Maple Leafs Need Trade to Avoid Offer Sheet Crisis

When you do business the way the Toronto Maple Leafs do business, they open themselves up to certain risks. Thus far they haven’t been burned by it. But starting this year and beyond, this is going to be something to watch.

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What are we talking about? It’s the threat of an offer sheet. Why is this going to be something to watch now and over time? That’s because the closer they are to the cap, the more damaging an offer sheet could be.

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Offer sheets seem to be coming back some around the NHL. Prior to 2019, the last offer sheet in the league was made by Calgary to Ryan O’Reilly of the Colorado Avalanche. The two-year offer was matched by the Avalanche.

But since 2019, there have been two offer sheets presented with the same teams involved: the Montreal Canadians and the Carolina Hurricanes. First it was Sebastian Aho. Next it was Jesperi Kotkaniemi. The Canadiens chose not to match for Kotkaniemi. The offer sheet is slowly starting to creep its way back. From a Maple Leafs standpoint, they should be on high alert.

Maple Leafs & Offer Sheets

With less than a week to go until the 2022 Upper Deck NHL Draft, the Maple Leafs have just under $6.5 million in cap space. Considering who’s left to sign, that’s not a lot.

Among the business the Maple Leafs need to decide on are UFAs Colin Blackwell, Ilya Mikheyev, Ilya Lyubushkin and Jack Campbell. Among their RFA’s are Pierre Engvall, Ondrej Kase and Rasmus Sandin.

Related: 3 Most Logical Destinations For Maple Leafs’ Jack Campbell

Sandin is the one of concern right now from an offer sheet perspective. According to JFresh Hockey’s Player Card on Sandin, his projected WAR is 91%. He especially shines offensively.

Rasmus Sandin Toronto Maple Leafs
Rasmus Sandin is a prime target for an offer sheet. (Amy Irvin / The Hockey Writers)

Given the Maple Leafs just signed Timothy Liljegren to a two-year deal, it seems to give the ballpark of where Sandin would fill in. Here’s the thing. Teams are always looking for young defensemen that can slip right into their top-six.

Because of the cap crunch, the Maple Leafs have to be concerned that someone could swoop in and offer a one-year deal at up to $4.201 million. That would only cost the acquiring team a second-round pick. The Maple Leafs would have a major issue matching that. I don’t see how they could. Imagine the frustration if this actually did happen. A potential part of their future would be gone because of their cap situation.

The Maple Leafs’ Norm & Future

When your top-seven players by AAV combine for just under $60 million of your cap, this is the norm the Maple Leafs have to endure. It will be a yearly occurrence until something changes.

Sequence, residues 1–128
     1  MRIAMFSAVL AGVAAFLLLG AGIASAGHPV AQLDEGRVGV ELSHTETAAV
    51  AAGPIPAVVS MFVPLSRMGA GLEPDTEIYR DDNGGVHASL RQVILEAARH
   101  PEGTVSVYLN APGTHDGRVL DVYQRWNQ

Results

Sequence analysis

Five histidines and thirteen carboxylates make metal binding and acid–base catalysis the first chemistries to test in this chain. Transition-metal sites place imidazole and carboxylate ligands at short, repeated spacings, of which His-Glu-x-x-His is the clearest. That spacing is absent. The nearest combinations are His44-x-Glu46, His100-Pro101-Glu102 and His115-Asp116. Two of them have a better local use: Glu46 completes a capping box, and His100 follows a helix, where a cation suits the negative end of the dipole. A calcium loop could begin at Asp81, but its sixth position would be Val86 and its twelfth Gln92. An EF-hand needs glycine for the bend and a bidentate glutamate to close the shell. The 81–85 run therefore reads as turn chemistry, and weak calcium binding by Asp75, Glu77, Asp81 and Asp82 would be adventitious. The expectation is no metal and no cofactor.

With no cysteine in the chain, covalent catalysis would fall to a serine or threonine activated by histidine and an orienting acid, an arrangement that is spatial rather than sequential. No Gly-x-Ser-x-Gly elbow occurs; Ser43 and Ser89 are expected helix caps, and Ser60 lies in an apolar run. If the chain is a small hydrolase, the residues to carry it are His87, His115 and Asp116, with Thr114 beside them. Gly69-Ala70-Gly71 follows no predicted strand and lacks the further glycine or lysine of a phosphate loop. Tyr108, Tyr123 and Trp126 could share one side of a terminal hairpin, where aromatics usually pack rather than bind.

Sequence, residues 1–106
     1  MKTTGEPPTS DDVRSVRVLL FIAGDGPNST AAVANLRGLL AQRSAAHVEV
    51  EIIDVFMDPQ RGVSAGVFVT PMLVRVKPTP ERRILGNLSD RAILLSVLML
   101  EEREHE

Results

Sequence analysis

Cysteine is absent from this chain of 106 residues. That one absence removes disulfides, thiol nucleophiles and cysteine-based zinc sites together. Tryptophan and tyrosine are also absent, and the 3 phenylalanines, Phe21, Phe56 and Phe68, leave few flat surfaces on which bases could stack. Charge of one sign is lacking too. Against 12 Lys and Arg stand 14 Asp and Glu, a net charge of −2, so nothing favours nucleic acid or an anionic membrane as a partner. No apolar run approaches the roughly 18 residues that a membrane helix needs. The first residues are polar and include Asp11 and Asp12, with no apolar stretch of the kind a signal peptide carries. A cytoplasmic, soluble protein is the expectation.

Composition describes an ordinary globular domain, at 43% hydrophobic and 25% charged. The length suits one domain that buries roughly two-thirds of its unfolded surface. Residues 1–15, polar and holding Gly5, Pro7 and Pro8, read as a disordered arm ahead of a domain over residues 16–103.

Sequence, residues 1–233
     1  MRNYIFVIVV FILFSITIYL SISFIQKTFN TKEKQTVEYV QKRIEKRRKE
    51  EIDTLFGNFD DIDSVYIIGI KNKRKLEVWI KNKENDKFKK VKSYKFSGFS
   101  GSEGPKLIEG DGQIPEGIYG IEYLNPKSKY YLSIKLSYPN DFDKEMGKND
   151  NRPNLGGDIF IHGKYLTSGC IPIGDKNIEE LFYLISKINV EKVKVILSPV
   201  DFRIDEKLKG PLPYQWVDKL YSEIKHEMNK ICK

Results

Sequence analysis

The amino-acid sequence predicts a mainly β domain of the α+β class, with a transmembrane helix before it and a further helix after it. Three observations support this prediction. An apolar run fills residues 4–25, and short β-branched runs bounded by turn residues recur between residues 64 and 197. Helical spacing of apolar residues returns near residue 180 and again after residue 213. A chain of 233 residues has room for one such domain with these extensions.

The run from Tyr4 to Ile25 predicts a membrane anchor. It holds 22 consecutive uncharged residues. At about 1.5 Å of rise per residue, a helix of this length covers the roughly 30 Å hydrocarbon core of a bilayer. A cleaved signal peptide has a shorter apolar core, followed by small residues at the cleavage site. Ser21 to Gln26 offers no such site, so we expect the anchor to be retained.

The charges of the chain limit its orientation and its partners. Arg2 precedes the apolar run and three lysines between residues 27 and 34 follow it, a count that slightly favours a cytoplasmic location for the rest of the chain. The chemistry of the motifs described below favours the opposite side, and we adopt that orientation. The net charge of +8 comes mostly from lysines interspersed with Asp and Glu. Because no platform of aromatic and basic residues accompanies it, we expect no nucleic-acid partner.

And it’s not just this year with Sandin. This applies to future years too especially with their extra dependence on their ELC’s and players reaching RFA status where an offer sheet is eligible. The Maple Leafs are an easy target when their young, good players become available. Rodion Amirov will be in this situation in two seasons once his ELC expires.

Rodion Amirov
Rodion Amirov will be in Sandin’s situation in two years. (photo credit:

If you think the cap situation is going to get better soon, you better think again. Auston Matthews is up in two seasons and will be due a massive raise. There’s an argument to be made his AAV could come in higher than Connor McDavid’s AAV of $12.5. Matthews might become the first NHL player to top $13 million in AAV. While some other guys will have their contracts up within that time, the Maple Leafs still project to be a cap team.

A Solution

What can they do about this in the short-term? The answer is trade. Not only would that open up precious cap space, it would allow the Maple Leafs to keep some guys they probably couldn’t keep without a trade.

The obvious candidate seems to be William Nylander. He comes in at just under $7 million AAV and would provide major cap relief in the right deal. With the extra cap flexibility, the Maple Leafs would be better equipped to fight off an offer sheet. Finding a home for Petr Mrazek and his $3.8 million AAV would do wonders also.

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In the end, the reality of living at the cap limit will leave the Maple Leafs exposed to the threat of an offer sheet. Sandin could go. Others could go in future seasons.

If the Maple Leafs hope to avoid this fate, they will either need to make some good trades or change the way they do business. The latter doesn’t seem imminent given the current roster and what lies ahead.

The Maple Leafs need a trade to avoid an offer sheet crisis. They have to proceed knowing that an offer sheet could hit them at any point during the offseason when they’re at the salary cap. If the offer is too much, they won’t be able to do anything about it.

But that’s life with the current setup of these Maple Leafs.